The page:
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According to the Sunday Times today, anyone in the UK who wants to buy a mobile phone will need to produce a valid passport as a form of ID soon.

The story is wrapped around the planned introduction of a national database to help combat crime and terrorism. The proposed database would contain details of every telephone call and every email sent in the UK along with information coverage individual Internet access usage.

Now it seems that in order to push ahead with this state surveillance scheme, the government is considering a compulsory national register for every owner of every one of the 72 million mobile phones in the UK. "Whitehall officials have raised the idea of a register containing the names and addresses of everyone who buys a phone in recent talks with Vodafone and other telephone companies" the Sunday Times reports.

It appears that the passport identity requirement is aimed squarely at those purchasers of prepaid mobiles, of which there are some 40 million or so in the UK alone. Currently these can be bought by anyone with the ready cash, and there is no record of the purchaser. No name, address or credit card details to link them to that purchase. This, the government argue, makes them wet dream material for criminals and terrorists.

Of course, it also ties in with the move towards that Big Brother database which would store details of all email, telephone and web browsing activity. Once again, to reduce crime and prevent terrorism. Having all that data would be pointless, the argument goes, without the details of the people who own the mobiles being used.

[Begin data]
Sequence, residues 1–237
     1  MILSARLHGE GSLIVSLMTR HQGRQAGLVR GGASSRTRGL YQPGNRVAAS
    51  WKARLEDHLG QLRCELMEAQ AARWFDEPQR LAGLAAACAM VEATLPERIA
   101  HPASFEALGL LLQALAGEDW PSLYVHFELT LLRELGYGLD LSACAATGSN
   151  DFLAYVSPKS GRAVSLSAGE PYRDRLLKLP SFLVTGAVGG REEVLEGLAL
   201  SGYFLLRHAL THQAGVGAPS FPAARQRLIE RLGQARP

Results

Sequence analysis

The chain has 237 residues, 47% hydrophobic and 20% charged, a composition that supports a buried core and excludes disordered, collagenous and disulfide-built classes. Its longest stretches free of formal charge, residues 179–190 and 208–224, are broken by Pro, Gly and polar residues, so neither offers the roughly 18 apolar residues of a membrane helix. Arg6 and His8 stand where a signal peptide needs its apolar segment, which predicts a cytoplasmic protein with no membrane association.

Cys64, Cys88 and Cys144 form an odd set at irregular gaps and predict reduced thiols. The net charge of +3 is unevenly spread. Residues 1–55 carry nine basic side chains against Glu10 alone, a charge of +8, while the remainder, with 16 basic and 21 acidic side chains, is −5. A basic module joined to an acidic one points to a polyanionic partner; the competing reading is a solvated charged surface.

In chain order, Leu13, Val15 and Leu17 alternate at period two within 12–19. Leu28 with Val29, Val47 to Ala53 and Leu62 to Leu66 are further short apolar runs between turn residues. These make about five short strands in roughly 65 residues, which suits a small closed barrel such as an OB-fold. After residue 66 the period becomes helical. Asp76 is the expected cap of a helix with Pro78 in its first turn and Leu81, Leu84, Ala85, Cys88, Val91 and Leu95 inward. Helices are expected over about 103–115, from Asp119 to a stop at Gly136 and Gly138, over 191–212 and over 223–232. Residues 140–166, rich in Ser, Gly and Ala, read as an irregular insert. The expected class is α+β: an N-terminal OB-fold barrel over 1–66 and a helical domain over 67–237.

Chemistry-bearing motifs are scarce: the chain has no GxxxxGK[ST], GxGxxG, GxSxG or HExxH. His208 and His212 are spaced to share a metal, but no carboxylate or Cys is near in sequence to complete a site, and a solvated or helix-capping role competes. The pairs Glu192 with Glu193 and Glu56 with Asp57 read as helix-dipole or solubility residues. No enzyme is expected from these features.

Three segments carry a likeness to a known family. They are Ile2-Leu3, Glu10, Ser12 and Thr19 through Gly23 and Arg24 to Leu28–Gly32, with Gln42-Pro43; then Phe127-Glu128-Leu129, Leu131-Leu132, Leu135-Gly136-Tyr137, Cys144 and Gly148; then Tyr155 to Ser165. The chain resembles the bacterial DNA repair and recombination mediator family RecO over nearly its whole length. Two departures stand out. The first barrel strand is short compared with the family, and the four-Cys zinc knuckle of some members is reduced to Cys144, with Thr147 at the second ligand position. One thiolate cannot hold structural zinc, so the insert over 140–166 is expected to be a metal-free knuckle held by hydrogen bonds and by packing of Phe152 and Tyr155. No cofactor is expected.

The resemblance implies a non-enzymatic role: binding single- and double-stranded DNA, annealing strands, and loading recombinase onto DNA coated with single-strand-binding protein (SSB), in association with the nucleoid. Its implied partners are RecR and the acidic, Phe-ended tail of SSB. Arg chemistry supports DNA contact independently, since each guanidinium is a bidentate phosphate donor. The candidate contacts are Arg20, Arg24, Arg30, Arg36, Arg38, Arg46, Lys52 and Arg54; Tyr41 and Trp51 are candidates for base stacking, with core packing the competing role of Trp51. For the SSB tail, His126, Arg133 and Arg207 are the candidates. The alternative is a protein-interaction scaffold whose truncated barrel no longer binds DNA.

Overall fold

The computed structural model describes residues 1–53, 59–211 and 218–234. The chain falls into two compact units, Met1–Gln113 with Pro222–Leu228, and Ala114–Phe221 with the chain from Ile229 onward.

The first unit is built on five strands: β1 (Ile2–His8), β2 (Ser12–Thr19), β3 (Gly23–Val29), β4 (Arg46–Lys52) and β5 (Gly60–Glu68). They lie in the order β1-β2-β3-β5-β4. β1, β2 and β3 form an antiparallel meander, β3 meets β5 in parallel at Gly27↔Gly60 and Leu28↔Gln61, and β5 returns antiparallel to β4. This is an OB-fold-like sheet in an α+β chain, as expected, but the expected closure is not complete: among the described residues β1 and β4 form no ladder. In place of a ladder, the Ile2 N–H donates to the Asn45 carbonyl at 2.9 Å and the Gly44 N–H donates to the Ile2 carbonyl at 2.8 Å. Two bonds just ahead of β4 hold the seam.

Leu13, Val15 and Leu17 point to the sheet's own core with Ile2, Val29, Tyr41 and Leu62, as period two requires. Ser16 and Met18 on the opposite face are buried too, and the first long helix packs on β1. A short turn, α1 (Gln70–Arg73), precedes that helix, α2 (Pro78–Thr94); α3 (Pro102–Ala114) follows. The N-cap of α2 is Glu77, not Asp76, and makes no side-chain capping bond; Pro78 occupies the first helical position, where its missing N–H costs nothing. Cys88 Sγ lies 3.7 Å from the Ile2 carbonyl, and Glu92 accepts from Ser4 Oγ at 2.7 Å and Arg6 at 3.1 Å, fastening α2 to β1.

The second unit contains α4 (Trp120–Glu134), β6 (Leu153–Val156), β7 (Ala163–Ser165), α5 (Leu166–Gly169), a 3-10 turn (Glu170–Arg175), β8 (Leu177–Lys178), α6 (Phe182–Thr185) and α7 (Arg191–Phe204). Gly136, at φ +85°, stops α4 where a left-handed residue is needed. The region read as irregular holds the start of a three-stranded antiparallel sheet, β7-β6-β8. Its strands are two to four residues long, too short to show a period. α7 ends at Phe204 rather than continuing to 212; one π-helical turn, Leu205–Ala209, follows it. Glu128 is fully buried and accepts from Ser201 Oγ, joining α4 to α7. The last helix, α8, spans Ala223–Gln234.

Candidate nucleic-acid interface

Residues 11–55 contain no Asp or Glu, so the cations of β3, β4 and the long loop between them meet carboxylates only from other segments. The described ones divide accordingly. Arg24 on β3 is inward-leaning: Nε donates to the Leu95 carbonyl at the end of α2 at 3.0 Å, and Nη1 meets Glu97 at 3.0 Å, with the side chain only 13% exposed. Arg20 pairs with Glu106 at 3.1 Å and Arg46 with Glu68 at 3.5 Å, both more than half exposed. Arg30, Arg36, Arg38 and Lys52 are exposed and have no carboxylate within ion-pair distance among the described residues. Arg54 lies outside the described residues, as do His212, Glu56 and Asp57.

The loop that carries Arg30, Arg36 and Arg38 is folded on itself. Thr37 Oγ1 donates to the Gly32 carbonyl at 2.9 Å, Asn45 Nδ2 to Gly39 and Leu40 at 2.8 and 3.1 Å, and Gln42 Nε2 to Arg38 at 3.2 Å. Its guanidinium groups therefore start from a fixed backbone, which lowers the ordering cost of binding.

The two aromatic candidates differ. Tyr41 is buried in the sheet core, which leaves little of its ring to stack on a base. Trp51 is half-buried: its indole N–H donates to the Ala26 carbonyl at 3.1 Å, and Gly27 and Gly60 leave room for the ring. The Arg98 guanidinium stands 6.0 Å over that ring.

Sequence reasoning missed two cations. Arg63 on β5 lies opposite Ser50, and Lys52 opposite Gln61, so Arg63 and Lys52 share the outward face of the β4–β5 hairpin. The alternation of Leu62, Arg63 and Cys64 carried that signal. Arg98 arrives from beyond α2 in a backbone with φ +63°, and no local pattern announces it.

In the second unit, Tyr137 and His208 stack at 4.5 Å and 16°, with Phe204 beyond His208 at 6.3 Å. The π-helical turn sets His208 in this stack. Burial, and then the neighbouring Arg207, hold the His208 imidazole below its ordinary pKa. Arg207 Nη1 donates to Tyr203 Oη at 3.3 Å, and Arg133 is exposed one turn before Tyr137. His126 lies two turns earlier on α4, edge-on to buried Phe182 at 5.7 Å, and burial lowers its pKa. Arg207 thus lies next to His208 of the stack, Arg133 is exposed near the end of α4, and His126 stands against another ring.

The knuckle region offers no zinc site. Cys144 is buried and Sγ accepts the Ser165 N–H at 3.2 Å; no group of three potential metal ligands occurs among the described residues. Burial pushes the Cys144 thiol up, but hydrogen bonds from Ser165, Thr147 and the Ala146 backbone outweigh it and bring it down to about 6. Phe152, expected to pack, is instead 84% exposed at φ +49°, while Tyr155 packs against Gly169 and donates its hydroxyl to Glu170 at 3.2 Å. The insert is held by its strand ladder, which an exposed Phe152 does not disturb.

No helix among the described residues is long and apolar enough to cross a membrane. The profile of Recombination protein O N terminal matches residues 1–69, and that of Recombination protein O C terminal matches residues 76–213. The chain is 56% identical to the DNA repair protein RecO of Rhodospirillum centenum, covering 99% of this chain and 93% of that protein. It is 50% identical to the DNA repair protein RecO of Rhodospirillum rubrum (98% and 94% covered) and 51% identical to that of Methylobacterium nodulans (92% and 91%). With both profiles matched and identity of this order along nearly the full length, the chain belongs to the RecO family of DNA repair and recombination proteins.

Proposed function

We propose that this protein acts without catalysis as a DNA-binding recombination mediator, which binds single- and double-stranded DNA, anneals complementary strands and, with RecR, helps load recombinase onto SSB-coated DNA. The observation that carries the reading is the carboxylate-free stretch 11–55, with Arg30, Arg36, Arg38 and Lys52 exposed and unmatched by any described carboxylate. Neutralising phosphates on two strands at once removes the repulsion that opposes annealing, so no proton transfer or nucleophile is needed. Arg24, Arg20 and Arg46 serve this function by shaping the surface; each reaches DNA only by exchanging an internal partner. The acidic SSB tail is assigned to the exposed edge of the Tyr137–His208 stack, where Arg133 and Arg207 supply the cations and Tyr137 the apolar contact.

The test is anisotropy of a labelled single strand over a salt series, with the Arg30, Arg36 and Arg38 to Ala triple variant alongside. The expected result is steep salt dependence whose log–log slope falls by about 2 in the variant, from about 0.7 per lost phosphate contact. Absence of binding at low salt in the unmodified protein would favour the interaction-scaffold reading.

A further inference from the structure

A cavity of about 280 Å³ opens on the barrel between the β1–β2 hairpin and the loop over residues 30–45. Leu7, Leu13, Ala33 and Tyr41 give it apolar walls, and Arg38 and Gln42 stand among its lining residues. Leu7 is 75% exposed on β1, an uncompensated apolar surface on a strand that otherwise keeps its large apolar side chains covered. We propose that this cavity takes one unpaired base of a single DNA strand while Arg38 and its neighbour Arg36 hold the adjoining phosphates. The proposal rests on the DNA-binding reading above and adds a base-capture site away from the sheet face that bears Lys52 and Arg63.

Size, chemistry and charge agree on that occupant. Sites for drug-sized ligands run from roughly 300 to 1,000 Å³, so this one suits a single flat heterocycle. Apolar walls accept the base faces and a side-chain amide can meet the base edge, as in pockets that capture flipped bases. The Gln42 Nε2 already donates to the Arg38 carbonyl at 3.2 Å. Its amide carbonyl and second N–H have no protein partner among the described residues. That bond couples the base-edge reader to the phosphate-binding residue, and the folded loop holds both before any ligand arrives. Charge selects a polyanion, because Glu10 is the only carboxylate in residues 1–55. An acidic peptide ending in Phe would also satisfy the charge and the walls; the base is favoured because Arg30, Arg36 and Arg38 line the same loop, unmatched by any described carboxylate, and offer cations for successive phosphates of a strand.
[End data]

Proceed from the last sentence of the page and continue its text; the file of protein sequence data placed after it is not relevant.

Well yes, apart from one small problem that some of you might have spotted: the criminals, and in particular the terrorists, are hugely unlikely to present genuine ID when buying such a phone. They tend to prefer to remain anonymous, you see.

So, as usual, the only people this database and this proposed mobile phone purchasing requirement will impact upon are the decent, law abiding citizens of the UK. One might even go as far as to argue that the government are well aware of this, and are simply using the war on terror stick to beat the public into a corner where everything they say and do is closely monitored by the Nanny State...

As Editorial Director and Managing Analyst with IT Security Thing I am putting more than two decades of consulting experience into providing opinionated insight regarding the security threat landscape for IT security professionals. As an Editorial Fellow with Dennis Publishing, I bring more than two decades of writing experience across the technology industry into publications such as Alphr, IT Pro and (in good old fashioned print) PC Pro. I also write for SC Magazine UK and Infosecurity, as well as The Times and Sunday Times newspapers. Along the way I have been honoured with a Technology Journalist of the Year award, and three Information Security Journalist of the Year awards. Most humbling, though, was the Enigma Award for 'lifetime contribution to IT security journalism' bestowed on me in 2011.

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Last Post by JohnPhil123
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I don't know how that will be effective and how much impact it will have on poeple of the nation.

In my country (Bahrain), I've just heard something similar, that anyone buys a prepaid mobile line must show his/her ID card.

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Well, its a good thing which is going to be happened because it reduces the fraud cases. We at London also sells too many mobile phones in a month and expect that our sales rate go up & up and for this we need genuine visitors. Its a nice step.....

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